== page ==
Aside from the cost, pain is perhaps the most common concern among men contemplating hair transplant surgery.
Will it hurt? Exactly how much pain can I expect? How long will I be in pain and can I handle it? If the fear of agonizing pain is the reason you haven’t explored this option, here is some information to help you make a final decision.
Read on for honest, realistic answers which will hopefully allay your fears.
Is Hair Transplant Surgery Painful?
The truth is that, yes, hair transplant surgery does come with a level of discomfort and pain. Anyone who tells you that it is totally painless is not being honest with you. It is difficult to say exactly how much because different people have varying thresholds.
What is worth noting is when patients experience discomfort.
The procedure is relatively painless
Hair transplantation is an invasive surgical procedure so it is understandable if you expect some pain just like you would with any other surgery. However, this kind of surgery is done under local anesthesia similar to what dentists use for procedures such as tooth extractions.
This is why many men who have had hair transplants say that they felt no pain during the procedure. As long as the anesthesia is administered correctly, the most one feels is a tingling or tugging sensation.
The only pain or discomfort at this point is the injection given to administer the anesthesia. After that your entire scalp is numb so you don’t feel any pain as the surgeon implants the hundreds of grafts on the recipient site.
With anesthesia administration being the only painful part of the procedure, many hair transplant surgeons go a step further to minimize pain by using a modern kind of needle known as ‘The Wand’ to inject the numbing agent. This is a specialized needle, originally designed for dentistry, which enables very slow, accurate, computer-controlled delivery.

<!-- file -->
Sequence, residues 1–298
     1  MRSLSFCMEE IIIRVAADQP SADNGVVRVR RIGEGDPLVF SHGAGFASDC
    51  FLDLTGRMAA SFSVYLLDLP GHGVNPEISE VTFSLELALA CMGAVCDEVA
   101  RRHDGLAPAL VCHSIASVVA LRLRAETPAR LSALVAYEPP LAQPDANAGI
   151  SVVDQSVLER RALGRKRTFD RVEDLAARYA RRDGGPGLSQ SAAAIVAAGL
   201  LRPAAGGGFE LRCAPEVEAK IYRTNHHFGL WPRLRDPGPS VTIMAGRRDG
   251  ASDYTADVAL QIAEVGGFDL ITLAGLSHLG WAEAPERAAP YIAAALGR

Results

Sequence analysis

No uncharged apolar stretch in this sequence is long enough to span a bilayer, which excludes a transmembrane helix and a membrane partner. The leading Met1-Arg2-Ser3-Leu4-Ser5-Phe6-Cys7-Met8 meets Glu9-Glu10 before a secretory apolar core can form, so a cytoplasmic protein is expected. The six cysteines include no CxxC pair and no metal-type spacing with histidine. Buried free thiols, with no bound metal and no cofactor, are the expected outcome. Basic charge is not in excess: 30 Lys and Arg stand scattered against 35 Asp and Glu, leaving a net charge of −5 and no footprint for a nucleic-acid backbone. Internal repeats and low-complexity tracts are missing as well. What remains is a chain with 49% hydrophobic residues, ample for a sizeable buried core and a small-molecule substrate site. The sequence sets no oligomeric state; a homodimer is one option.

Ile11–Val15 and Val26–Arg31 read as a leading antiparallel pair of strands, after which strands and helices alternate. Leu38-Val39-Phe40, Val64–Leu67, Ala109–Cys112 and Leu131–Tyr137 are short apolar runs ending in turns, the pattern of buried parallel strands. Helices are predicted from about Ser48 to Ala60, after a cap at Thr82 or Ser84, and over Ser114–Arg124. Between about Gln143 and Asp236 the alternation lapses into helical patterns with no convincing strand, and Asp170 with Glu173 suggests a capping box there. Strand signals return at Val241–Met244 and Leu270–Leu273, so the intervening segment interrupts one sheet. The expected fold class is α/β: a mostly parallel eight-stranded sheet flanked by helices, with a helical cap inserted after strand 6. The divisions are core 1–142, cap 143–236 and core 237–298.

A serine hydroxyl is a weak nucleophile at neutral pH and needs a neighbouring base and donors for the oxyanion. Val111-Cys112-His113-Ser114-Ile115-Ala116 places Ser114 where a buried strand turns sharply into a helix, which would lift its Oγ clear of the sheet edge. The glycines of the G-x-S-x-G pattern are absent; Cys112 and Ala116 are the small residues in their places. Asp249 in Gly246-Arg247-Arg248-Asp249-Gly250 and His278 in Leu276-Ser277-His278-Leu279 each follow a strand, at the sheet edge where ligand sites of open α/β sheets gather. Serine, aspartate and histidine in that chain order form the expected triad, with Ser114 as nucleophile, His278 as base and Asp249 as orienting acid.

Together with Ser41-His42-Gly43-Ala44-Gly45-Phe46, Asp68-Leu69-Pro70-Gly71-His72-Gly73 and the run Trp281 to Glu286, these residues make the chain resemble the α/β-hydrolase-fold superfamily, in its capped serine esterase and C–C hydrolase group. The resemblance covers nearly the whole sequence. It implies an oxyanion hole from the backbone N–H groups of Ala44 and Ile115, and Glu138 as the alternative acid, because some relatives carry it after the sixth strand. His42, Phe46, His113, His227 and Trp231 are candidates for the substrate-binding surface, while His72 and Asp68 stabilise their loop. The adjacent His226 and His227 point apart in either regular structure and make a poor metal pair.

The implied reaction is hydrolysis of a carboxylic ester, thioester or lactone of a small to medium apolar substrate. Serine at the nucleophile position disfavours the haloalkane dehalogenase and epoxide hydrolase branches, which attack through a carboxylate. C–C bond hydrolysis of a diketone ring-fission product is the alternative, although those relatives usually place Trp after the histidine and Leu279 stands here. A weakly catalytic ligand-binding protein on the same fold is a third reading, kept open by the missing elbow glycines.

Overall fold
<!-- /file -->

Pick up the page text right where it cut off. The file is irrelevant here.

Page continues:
According to Dr.Gray of the Hair Transplant and Restoration Center, the rapid expansion of surrounding tissue as the drug is injected is what causes pain. The Wand senses the state of the scalp tissue being injected and controls the rate of delivery, therefore, making injection slow enough to prevent pain.
After the Procedure
Now, this is when pain could set in. After the effect of the anesthesia begins to wear off and your scalp tissues wake up to the trauma of hundreds of incisions. Surgeons prescribe painkillers like ibuprofen to help manage pain and also recommend the use of ice packs to relieve swelling and redness.
Alternatively, the surgeon could administer more anesthesia at the end of the procedure. This gives you about three hours to get home, get settled, and take some of the prescribed pain medication. With that, you can avoid discomfort by having pain medication in your system by the time the numbness wears off.
FUT is more painful
Another point to note where the pain is concerned is the type of procedure you choose. Of the two main types of hair transplants, FUT (Follicular Unit Transplant) and FUE (Follicular Unit Extraction), FUT is generally more painful because it involves cutting a strip of skin from the back or side of the head. In this case, the donor site requires more time to recover and could be painful when touched or pressed for as long as 3 weeks after the procedure.
Yes, hair transplant surgery does hurt, but not nearly as much as you would expect. It’s nothing close to the excruciating experience so many men have in mind.
As long as you are under the care of a professional practitioner, the surgery itself should be painless because your scalp is numbed. Pain typically sets in after the surgery and can be managed such that you only endure temporary discomfort.
That said, we can conclude that the benefits of hair transplant surgery far outweigh potential pain. With painkillers and an ice pack, it is quite manageable.